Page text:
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Oct
5
2015
Fire Prevention Week

October 4th through the 10th is National Fire Prevention Week. At 6:00 pm today, a short ceremony will be held at City of Yuma Fire Department Station #1 (353 South 3rd Avenue). A proclamation will be read regarding Fire Prevention Week in the City of Yuma. In addition, the Firefighter, Fire Engineer, Fire Captain, and Support Person of the Year from the City of Yuma Fire Department will be recognized. YFD will also be presenting badges for various rank advancements that have recently occurred.

The 2015 theme for Fire Prevention Week is:

“Hear the Beep Where You Sleep, Every Bedroom Needs a Working Smoke Alarm!”

- emphasizing the dramatic protection that working smoke alarms provide. To further mark this week, each day we will be highlighting a different aspect of fire prevention.

The first national recognition of a Fire Prevention Day came in 1911 on the 40th anniversary of “The Great Chicago Fire”. That fire occurred October 9, 1871. At least 250 people died, 100,000 were left homeless, more than 17,000 structures and 2000 acres burned in only 27 hours! Popular legend has it that the fire was started by a lantern kicked over by “Mrs. O’Leary’s cow”. Less known to history is “The Great Peshtigo Fire” (the most devastating forest fire in American history) raging that same week in neighboring Wisconsin. That fire would burn 2,400 square miles (1.2 million acres!), killing more than 1,100 people, completely destroying the town of Peshtigo, Wisconsin and 15 other towns.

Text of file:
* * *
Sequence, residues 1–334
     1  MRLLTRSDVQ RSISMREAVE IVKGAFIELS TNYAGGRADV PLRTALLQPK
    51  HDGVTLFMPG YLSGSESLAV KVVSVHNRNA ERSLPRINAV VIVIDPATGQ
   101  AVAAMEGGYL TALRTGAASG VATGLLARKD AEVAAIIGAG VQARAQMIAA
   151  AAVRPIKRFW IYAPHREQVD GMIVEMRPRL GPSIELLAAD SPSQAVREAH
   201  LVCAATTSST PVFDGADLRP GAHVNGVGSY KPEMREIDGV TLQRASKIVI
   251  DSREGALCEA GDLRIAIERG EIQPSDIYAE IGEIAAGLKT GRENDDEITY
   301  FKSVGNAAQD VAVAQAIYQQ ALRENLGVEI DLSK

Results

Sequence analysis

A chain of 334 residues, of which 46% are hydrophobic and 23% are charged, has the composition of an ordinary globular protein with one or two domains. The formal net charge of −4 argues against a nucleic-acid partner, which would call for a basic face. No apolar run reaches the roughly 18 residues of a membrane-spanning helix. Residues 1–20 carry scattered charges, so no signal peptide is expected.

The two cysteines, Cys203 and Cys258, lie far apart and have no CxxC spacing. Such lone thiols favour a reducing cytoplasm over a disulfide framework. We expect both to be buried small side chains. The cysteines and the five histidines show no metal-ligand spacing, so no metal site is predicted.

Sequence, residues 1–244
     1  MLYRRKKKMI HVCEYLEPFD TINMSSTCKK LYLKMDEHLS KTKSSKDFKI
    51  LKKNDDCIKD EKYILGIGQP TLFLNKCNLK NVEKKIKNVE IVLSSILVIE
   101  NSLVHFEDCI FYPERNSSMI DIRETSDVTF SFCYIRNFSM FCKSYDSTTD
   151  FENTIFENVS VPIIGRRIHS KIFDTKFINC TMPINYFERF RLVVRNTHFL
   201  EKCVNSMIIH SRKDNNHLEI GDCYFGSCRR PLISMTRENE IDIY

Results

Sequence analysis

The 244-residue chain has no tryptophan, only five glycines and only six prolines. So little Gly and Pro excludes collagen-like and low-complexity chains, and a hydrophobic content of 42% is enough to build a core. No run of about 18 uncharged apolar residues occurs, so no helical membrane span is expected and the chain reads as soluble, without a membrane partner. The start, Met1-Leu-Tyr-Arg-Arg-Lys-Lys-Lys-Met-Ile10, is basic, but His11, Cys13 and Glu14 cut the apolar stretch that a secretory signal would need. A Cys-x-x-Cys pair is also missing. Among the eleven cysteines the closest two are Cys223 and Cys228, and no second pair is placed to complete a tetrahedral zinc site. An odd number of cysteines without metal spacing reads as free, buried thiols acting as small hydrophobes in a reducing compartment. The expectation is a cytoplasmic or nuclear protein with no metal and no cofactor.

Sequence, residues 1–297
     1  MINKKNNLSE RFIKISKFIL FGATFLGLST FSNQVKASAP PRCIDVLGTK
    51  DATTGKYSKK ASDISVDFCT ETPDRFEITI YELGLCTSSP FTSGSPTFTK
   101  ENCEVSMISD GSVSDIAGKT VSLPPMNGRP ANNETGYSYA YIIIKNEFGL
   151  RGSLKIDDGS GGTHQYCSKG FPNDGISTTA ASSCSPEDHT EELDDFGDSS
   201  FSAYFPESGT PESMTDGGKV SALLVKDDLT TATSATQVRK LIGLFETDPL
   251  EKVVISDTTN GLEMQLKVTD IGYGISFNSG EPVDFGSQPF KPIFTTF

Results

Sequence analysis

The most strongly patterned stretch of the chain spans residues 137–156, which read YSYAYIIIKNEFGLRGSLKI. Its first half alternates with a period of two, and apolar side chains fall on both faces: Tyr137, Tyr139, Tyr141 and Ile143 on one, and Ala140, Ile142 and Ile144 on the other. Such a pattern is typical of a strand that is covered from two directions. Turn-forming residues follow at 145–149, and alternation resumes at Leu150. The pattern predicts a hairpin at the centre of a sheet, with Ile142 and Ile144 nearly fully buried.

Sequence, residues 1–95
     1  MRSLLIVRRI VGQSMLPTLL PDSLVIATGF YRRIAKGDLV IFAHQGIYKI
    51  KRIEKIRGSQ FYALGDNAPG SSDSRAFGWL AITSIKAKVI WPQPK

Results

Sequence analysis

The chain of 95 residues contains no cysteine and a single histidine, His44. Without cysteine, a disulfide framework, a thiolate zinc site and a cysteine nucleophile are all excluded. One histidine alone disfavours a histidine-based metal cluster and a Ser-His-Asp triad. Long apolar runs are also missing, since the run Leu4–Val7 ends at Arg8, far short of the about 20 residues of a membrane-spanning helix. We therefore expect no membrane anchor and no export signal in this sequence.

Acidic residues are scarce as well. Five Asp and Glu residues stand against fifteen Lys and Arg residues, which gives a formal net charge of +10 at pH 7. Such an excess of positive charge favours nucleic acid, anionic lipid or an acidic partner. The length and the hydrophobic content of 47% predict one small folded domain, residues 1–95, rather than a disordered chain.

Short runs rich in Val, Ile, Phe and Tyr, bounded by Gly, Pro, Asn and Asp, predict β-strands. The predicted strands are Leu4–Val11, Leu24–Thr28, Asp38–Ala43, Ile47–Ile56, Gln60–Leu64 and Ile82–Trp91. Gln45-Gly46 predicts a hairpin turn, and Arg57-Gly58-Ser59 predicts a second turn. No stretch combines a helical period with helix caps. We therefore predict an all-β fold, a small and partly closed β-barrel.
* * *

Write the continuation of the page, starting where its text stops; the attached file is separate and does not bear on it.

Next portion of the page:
That week in October would long be remembered for its tragic losses in life and property. In 1925 President Calvin Coolidge proclaimed the first National Fire Prevention Week. 90 years later, our country has grown tremendously and great efforts have been made to protect and preserve life and property, but thousands still die in fires every year in the United States. In 2013, U.S. fire departments responded to an estimated 369,500 home structure fires. These fires resulted in 2,755 civilian fire fatalities, 12,200 civilian injuries and $7.0 billion in damage.